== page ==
Thrill Factor: Director Andy Muschietti is hot off of the “It” movies, Michael Keaton and Ben Affleck are returning as Batman, and the plot hinges on time travel and multiverses, two of the hottest things going in superhero storytelling. Studio insiders haven’t been this excited for Warner Bros. superhero movie since “The Dark Knight” movies. In fact, almost everything about “The Flash” points to a massive summer sensation. Almost.
Chill Factor: Starting in 2020, “The Flash” star Ezra Miller has been an engine for disturbing headlines, including a video of the actor choking a woman outside a bar, arrests for harassment and assault, and multiple allegations of abuse. In August, the actor issued a general apology “to everyone that I have alarmed and upset with my past behavior,” faulting “complex mental health issues” and noting that they remain in “ongoing treatment.” That may have quelled the immediate storm, but to date, Miller’s “past behavior” is the only thing many people know about the actor — a terrible place to start for a studio that needs to sell its star as an aspirational superhero.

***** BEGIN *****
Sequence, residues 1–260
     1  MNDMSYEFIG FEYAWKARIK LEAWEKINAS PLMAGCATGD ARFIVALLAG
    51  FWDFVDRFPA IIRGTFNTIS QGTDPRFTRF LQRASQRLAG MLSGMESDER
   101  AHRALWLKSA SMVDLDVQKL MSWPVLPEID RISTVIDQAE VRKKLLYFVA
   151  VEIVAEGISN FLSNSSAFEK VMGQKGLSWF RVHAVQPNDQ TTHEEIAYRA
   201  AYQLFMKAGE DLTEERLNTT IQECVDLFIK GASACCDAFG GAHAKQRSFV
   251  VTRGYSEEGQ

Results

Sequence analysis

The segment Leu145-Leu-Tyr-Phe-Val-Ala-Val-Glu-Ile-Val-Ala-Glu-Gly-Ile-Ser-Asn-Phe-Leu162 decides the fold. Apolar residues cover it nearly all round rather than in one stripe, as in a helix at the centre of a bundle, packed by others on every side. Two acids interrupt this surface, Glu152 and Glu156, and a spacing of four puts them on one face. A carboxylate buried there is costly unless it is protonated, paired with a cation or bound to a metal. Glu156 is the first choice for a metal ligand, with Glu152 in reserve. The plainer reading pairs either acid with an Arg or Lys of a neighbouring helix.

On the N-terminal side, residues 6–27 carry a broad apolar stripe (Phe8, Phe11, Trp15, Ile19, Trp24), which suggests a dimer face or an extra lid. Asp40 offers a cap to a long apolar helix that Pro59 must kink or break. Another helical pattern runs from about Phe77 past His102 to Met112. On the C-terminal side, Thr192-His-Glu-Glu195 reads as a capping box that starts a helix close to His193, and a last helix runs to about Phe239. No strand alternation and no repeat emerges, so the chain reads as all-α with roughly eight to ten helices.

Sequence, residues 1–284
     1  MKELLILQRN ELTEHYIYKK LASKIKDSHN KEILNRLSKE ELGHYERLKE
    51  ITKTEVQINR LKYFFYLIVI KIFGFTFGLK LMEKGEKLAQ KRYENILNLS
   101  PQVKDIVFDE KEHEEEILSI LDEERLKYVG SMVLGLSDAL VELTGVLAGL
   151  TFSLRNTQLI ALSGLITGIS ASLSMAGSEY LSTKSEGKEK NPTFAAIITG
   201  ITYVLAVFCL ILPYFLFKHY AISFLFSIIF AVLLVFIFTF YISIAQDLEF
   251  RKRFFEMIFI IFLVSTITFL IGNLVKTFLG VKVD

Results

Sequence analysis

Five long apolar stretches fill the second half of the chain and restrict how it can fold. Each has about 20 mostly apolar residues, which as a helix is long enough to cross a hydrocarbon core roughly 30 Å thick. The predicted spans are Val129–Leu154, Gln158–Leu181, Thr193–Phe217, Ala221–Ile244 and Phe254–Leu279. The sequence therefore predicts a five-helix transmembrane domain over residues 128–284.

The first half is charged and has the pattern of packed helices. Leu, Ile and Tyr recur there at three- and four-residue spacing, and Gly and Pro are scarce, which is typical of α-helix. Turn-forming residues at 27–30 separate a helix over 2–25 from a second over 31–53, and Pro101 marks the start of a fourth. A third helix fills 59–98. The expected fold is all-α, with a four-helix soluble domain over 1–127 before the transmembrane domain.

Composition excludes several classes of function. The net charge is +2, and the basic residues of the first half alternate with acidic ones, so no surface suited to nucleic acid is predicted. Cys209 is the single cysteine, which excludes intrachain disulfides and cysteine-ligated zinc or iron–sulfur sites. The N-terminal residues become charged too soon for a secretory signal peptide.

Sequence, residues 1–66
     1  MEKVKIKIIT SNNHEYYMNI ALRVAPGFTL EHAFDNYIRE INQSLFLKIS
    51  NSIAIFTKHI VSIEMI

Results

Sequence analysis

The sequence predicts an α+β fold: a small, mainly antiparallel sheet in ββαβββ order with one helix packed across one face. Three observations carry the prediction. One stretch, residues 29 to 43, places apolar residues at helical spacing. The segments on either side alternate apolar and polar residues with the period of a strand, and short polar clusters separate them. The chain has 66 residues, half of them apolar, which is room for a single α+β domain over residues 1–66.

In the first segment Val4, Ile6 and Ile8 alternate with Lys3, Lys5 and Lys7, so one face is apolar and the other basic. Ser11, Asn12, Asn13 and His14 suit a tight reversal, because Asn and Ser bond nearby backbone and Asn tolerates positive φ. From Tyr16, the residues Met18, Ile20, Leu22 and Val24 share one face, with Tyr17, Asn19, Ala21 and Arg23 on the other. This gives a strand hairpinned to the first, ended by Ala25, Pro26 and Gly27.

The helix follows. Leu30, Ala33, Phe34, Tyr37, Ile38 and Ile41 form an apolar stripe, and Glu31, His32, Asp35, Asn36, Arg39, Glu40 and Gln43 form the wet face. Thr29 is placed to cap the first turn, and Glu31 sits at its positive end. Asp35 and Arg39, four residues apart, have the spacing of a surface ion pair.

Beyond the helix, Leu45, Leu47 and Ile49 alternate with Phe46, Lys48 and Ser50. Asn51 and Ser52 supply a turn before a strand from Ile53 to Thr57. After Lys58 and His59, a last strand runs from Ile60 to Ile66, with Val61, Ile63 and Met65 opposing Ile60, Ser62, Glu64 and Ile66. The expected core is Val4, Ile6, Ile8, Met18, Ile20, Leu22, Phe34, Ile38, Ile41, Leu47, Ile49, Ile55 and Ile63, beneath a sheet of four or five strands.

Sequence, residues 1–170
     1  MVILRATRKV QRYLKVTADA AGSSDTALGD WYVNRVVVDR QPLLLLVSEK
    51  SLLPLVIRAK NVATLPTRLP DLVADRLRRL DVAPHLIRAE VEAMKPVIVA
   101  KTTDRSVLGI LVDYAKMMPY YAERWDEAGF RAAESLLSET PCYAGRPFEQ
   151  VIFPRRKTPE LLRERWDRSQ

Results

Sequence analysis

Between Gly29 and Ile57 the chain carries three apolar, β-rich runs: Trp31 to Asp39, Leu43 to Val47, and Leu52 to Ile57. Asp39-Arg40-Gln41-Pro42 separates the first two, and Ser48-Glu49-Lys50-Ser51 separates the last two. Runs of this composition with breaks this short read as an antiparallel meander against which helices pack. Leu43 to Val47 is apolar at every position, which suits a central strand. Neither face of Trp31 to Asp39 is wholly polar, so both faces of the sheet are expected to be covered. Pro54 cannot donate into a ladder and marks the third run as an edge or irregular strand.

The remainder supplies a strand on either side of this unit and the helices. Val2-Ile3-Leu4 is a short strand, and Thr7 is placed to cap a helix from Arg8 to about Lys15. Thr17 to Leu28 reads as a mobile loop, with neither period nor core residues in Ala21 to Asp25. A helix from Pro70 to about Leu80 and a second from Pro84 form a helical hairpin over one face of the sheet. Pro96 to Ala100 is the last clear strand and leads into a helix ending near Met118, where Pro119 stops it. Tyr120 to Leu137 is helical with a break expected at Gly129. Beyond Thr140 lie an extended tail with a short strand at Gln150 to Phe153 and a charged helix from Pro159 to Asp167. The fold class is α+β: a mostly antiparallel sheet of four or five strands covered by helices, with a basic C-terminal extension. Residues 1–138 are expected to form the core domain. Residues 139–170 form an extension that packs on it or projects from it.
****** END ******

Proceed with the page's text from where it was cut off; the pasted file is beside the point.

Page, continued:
Verdict: “The Flash” was once intended to help launch DC into a new storytelling frontier. With DC’s new leadership preparing a reboot on top of the controversy surrounding Miller, Warner Bros. now has a precarious high-wire promotional campaign ahead of it to get audiences to stop paying attention to its star’s past and focus instead on the movie they’re leading.
Current Release Date: Nov. 22